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The European Central Bank (ECB), the central bank for the Eurozone, is one of the most influential central banks in the world. It faces challenges not seen in any other part of the world, as what it does is unprecedented.

The European Union (EU) was born out of the desire to bring peace to a continent that had been shattered by war for hundreds and hundreds of years. As the world became more polarized (United States, China, Russia), Europeans realized that being united would offer a better chance of putting Europe at the heart of international economic growth.

Home to over half a billion people, the EU market is the one that all countries want to sell their products and services to. Negotiating conditions on behalf of half a billion people gave leverage to Europeans, and the European spirit quickly spread.

Some EU countries (but not all) decided to form a monetary union – that is, to share the same currency. This was a brave task, considering nationalistic interests. However, the European project moved further, and the euro was introduced in 1999 as the common currency for the so-called Eurozone. As of 2019, 19 European countries had adopted the euro, and the ECB is the institution responsible for setting the monetary policy for the Eurozone.

At the heart of the Eurosystem and the Single Supervisory Mechanism for banking supervision, the ECB serves the people of Europe by maintaining price stability. Its mission is far more complicated than for other central banks because of the diversity of the various economies that are part of the Eurozone. For instance, southern countries may run an economic deficit while northern states have a surplus, but only one monetary policy covers all the countries.

European Central Bank (ECB)

The Coming of a European Monetary Union

The European Union is nothing but a regional trade agreement. Basically, a group of countries agreed to reduce and eliminate barriers to trade. Moreover, they freely move factors of production among member countries.

An economic union integrates all aspects of a common market, and on top of that, it requires common economic institutions. For everything to work, common economic policies are needed.

And so the ECB was born, as the pillar of the European Monetary Union. Several European countries adopted the euro on January 1st, 1999, among them Germany, Italy, Spain, and Ireland. Quite literally, these countries surrendered control of their monetary policy to the ECB. Most of the Western European countries adopted the new common currency, the euro, in the hope that it would increase market competition while spurring efficient allocation of resources.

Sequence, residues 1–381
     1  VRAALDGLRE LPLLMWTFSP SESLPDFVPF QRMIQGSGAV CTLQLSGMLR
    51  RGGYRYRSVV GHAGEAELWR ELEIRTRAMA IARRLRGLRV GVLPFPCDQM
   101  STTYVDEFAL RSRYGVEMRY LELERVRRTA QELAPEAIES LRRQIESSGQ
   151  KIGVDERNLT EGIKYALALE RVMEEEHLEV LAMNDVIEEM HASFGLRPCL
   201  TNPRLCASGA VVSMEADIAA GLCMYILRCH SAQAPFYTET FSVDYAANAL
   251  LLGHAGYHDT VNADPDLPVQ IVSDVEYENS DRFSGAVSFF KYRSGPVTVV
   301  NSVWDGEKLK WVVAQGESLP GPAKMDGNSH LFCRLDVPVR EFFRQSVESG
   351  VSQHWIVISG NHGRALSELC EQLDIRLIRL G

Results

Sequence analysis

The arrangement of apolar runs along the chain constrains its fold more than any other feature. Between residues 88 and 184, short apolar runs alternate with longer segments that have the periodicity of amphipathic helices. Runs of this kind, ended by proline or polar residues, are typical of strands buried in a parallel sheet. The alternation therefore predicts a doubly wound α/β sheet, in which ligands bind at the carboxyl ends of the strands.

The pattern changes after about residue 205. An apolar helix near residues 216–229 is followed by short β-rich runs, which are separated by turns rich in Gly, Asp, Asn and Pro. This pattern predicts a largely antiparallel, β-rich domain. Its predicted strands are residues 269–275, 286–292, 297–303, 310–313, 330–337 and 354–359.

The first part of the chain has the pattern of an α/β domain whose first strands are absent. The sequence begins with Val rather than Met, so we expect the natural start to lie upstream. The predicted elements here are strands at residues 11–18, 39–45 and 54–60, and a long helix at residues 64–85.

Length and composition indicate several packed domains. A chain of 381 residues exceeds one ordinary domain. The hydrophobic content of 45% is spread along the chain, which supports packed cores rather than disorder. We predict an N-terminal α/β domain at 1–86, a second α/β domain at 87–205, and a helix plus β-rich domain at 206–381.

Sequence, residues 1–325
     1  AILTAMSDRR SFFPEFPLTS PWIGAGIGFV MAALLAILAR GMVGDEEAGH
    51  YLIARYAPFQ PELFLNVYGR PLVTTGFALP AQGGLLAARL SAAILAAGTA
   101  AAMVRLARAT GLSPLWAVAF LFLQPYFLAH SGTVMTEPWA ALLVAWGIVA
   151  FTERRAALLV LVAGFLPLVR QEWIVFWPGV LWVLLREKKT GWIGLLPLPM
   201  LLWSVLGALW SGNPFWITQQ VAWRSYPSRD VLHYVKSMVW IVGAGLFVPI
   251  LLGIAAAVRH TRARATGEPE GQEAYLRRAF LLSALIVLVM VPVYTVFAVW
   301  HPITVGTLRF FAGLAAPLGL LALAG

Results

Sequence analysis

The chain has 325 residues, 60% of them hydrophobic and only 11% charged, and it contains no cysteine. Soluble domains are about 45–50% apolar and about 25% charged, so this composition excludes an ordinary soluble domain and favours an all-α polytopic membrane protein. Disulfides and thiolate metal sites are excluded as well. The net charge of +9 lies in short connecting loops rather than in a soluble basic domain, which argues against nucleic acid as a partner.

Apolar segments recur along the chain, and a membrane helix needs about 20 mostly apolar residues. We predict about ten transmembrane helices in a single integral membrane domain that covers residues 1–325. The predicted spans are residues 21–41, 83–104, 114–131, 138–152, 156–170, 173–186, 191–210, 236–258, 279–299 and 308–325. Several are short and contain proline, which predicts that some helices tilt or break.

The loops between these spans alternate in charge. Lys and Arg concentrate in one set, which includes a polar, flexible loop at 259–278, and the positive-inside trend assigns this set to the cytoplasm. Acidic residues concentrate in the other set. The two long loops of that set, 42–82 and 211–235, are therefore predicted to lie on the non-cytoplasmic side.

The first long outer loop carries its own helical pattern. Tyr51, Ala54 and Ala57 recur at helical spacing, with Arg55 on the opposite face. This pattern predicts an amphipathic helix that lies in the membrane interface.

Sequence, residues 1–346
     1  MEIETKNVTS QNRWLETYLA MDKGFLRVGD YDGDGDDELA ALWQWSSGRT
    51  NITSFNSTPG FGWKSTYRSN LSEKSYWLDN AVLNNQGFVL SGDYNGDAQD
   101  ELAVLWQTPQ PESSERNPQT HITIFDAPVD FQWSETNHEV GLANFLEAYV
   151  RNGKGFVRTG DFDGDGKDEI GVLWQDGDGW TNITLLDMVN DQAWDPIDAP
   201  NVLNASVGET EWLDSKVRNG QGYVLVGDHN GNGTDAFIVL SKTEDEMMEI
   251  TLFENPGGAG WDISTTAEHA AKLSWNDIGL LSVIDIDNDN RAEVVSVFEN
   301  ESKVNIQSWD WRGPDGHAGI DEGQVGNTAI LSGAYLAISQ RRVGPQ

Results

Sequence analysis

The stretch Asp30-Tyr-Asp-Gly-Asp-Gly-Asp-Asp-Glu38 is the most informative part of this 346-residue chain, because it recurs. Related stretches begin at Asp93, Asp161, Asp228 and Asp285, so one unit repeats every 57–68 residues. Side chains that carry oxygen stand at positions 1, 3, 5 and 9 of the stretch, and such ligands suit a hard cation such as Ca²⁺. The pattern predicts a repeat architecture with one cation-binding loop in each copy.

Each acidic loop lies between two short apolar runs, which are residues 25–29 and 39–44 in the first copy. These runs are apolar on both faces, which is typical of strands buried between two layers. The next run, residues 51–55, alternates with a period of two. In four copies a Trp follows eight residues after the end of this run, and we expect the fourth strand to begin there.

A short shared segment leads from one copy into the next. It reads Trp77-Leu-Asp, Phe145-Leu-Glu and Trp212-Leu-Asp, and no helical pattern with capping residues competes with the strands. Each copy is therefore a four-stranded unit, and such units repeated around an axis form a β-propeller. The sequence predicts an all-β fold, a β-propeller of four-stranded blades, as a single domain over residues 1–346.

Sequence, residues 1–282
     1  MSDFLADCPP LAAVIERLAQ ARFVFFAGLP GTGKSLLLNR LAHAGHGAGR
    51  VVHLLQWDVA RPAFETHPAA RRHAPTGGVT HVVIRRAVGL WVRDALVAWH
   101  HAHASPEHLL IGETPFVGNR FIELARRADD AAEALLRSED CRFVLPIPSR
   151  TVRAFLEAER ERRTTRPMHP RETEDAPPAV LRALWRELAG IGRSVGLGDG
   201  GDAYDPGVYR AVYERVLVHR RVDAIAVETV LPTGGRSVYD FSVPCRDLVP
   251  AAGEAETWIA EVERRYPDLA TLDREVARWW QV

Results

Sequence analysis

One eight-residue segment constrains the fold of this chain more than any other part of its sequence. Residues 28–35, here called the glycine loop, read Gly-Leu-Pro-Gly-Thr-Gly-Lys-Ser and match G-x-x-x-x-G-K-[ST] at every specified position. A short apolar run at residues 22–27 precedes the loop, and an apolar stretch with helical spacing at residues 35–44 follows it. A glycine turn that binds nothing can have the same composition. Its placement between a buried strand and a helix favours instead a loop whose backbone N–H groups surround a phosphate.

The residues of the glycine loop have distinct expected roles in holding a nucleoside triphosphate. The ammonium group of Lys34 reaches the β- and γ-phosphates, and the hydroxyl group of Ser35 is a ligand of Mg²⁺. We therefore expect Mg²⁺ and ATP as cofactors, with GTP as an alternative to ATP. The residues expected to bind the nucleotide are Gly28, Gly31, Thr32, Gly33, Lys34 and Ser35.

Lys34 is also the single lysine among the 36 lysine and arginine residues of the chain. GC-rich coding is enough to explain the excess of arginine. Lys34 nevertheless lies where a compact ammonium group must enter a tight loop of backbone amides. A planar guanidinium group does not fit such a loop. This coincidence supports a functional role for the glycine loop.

Once the euro was in place, the ECB became the central bank in charge of setting the monetary policy for all the monetary union participants. However, the national central banks did not disappear. To this day, the Bundesbank in Germany and the Bank of France still exist, just as all other national banks of the member countries of the monetary union do.

But they have a new role. They act as the eyes and ears of the ECB in the region, conducting research and surveys and passing along the information to the central bank in Frankfurt, Germany. Next, when the monetary policy is implemented via the transmission mechanism, the national banks make sure a smooth implementation occurs with little or no local hiccups.

ECB – History, Mandate, Structure

In 1990, the first stage of the European and Monetary Union (EMU) took place. It involved the free use of the euro’s predecessor, the European Currency Unit (ECU), and freedom of capital transactions.

The integration went further when the second stage began at the start of 1994. The European Monetary Institute (EMI) was established, and a further strengthening of economic convergence emerged.

The last stage, in January 1999, is well known because it involved the introduction of the euro. Besides this, the Stability and Growth Pact, as well as the intra-EU exchange rate mechanism, went into effect.

Inflation is the top priority for the ECB. More precisely, the main objective is to maintain price stability by keeping inflation rates below, but close to, two percent. The ECB’s Governing Council uses the Harmonized Index of Consumer Prices (HICP) as the measure of inflation. For traders, the Core HICP is of particular importance as it discounts the effects of energy prices on overall inflation.

Most recently, under the leadership of the new president, Christine Lagarde, the ECB began a strategy review process expected to take about a year to complete. On top of the agenda is the way the ECB calculates inflation, with the aim being to change the composition of the basket of goods and services part of it.

ECB Structure and Organization

The ECB has a president and vice-president, and the decision-making body, the Governing Council, consists of the governors of the national central banks and six members of the ECB Executive Board.

The voting rights in the Governing Council follow a rotation system that allocates the rights to the members of the Governing Council. It was implemented by the time the number of governors exceeded eighteen, and its aim is to accommodate new entrants into the Eurozone by enhancing the Governing Council's ability to act.